Flashback to Flushing Meadows: Rusedski reflects on reaching final, 20 years on
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As Flushing Meadows prepares for an exciting weekend of finals, we’re throwing it back to 1997 when British legend Greg Rusedski historically reached the US Open men's final.
Twenty years on, the former British No.1 reflects on his incredible journey and reveals his top five memories of the tournament that truly changed his career.
1. Heading into the 1997 US Open…
Before heading into the fourth and final Grand Slam of the season, it had been a pretty solid year for the Rusedski. He’d shown great promise from the beginning of the year in San José, when he defeated top players Andre Agassi and Michael Chang to reach the final and his form continued into the grass-court season.
He became champion of the Nottingham Open and reached the semi-finals of Wimbledon, before he began transitioning back to the hard-court surface.
“1997 was kind of like my breakthrough to the big time in men’s tennis and then leading into the US Open, it was quite funny because I’d never won a match there and it was the first year they had built Arthur Ashe Stadium.
“My preparation did really well going into the event – I’d lost in the semis of the week previously to Rafter who I’d actually meet in the finals that year, so coming into the event I felt really good. I had great preparation with the whole team around me and got off to the perfect start.”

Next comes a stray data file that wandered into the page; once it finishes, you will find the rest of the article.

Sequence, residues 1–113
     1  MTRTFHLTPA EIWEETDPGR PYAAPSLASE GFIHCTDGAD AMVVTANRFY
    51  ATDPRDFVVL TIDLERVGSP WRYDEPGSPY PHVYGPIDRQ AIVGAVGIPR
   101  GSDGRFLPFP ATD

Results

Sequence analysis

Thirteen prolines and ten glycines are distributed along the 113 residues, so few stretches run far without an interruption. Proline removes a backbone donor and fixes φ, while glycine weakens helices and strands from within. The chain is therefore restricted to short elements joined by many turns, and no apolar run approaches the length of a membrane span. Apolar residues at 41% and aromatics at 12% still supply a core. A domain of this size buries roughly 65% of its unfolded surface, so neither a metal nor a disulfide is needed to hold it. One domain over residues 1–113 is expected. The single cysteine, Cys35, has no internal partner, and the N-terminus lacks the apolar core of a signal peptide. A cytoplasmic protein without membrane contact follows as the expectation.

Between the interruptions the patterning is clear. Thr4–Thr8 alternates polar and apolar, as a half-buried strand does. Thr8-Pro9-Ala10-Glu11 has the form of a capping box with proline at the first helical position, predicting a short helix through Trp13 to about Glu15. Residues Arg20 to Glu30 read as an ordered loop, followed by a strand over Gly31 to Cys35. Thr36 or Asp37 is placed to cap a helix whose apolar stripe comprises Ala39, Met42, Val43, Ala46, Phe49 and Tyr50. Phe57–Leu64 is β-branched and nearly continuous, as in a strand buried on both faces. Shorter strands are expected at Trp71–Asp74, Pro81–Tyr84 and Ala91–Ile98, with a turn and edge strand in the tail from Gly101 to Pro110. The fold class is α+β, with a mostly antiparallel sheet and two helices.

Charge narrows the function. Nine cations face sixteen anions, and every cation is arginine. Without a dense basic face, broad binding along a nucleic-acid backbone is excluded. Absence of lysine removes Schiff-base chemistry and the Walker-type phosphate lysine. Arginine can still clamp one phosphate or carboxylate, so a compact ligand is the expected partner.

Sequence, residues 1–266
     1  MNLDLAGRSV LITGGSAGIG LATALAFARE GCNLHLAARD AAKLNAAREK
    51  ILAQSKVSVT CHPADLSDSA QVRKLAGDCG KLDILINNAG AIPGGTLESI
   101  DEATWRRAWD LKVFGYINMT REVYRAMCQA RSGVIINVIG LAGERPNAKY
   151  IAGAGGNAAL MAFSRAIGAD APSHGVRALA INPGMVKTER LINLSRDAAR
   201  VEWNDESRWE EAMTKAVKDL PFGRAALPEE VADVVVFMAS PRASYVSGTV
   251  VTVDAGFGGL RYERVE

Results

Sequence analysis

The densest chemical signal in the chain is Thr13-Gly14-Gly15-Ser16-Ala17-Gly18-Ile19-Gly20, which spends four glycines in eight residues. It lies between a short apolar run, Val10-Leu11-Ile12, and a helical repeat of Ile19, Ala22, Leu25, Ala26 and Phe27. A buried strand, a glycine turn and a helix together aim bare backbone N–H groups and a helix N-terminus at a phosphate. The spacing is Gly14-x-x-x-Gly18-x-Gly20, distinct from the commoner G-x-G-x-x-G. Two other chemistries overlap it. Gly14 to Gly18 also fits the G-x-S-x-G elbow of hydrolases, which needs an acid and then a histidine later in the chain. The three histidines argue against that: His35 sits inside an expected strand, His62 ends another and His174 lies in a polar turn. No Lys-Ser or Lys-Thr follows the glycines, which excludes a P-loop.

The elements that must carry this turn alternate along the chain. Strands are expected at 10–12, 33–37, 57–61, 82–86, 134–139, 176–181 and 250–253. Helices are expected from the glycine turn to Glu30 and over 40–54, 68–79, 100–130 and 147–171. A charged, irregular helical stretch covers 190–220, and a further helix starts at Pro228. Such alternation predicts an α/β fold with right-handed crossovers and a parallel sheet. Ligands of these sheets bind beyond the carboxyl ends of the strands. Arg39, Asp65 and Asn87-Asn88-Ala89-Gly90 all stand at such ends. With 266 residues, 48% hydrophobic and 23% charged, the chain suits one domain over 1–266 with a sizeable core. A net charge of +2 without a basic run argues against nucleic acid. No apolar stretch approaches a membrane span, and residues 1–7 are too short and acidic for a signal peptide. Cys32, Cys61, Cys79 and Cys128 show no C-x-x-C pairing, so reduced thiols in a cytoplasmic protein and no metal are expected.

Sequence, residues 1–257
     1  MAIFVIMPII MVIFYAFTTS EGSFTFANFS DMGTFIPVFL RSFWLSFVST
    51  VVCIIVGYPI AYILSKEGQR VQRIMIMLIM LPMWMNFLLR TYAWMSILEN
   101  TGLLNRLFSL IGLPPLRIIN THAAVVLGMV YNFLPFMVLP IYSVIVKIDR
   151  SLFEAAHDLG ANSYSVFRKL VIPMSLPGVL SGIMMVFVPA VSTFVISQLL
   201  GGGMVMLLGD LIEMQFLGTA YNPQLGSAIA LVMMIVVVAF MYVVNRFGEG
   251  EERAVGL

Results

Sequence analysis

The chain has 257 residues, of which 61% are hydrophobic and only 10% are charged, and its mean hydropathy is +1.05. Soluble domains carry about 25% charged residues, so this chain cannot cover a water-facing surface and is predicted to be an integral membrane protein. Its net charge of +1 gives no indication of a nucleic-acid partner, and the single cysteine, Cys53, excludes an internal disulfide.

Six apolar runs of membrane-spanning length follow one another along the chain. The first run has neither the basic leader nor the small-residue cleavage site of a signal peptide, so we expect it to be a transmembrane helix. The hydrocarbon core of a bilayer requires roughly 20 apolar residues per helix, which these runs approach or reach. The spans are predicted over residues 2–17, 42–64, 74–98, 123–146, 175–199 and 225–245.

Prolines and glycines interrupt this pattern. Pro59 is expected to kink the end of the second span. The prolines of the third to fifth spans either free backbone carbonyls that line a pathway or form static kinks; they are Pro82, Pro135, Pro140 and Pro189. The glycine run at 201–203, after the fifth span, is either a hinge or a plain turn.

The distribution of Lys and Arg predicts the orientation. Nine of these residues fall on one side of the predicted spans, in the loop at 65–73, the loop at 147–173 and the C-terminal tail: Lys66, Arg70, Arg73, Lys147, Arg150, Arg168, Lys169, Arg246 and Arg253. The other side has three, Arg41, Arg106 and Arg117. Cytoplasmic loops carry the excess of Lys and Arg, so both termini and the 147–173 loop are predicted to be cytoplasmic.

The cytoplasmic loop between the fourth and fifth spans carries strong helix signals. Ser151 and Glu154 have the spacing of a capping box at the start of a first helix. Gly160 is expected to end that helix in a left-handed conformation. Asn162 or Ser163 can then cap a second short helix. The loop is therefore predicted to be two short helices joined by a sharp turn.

2. The early stages…
Although a fantastic hard-court player with one of the biggest serves in the game, Rusedski had never before reached the second-round of the US Open - but for his seventh shot at the slam, it was all about to change…
The Brit faced former Wimbledon semi-finalist David Wheaton in the opening round, but was unfazed by the American’s Grand Slam record and raced through to clinch a three-set victory.
He started as he meant to go on and didn’t drop a set up until the semi-finals. However, there was an incredibly challenging time along the way, when news reached New York of Princess Dianna’s tragic passing.
“The thing which was the challenge was actually the Sunday before the finals - Princess Dianna’s car crash, so that was big having to deal with and then playing on the Monday, because nobody was playing tennis or sport during that whole week from the car crash all the way to the funeral.
“So it was not only tennis that was happening because at the same time, the whole nation was obviously in shock and in mourning for the terrible loss of Princess Dianna and I was having to deal with the media and the press surrounding all those things, while trying to have one of my best runs at a Grand Slam.”
3. The semi-final…
Rusedski’s remarkable straight-set record continued through to the quarter-finals, where he overcame Richard Krajicek to set up a semi-final with Jonas Bjorkman.